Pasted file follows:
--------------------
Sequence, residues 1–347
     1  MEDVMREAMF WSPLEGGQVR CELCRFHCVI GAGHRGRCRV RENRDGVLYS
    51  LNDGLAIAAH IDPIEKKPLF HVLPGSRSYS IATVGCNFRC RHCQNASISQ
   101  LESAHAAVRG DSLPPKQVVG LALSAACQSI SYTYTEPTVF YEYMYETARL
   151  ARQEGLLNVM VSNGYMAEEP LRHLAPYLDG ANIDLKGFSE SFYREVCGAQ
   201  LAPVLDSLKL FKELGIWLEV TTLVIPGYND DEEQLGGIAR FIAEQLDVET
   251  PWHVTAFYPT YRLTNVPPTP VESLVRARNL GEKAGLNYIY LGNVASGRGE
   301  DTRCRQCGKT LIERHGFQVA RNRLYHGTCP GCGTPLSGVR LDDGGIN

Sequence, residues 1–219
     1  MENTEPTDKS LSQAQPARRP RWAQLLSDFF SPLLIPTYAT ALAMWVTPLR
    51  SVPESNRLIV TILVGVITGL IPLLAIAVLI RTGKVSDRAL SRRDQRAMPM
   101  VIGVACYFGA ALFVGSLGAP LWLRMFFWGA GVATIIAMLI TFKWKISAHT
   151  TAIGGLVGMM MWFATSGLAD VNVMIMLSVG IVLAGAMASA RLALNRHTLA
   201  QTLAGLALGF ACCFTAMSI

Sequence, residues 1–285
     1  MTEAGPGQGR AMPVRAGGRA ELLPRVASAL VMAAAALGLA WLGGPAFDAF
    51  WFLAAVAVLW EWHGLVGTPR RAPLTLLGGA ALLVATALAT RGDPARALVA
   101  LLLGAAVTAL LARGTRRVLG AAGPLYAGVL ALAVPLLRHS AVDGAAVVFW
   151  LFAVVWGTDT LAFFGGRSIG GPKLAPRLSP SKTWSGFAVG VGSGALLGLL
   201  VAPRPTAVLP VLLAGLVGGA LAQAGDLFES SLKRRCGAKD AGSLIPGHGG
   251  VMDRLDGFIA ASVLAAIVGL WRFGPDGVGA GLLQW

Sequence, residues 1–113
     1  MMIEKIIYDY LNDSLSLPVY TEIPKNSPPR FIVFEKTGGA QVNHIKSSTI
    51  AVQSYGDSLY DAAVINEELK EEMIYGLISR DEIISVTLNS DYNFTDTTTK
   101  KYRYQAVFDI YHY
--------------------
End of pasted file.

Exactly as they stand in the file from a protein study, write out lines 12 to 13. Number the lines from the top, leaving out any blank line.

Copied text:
   101  VIGVACYFGA ALFVGSLGAP LWLRMFFWGA GVATIIAMLI TFKWKISAHT
   151  TAIGGLVGMM MWFATSGLAD VNVMIMLSVG IVLAGAMASA RLALNRHTLA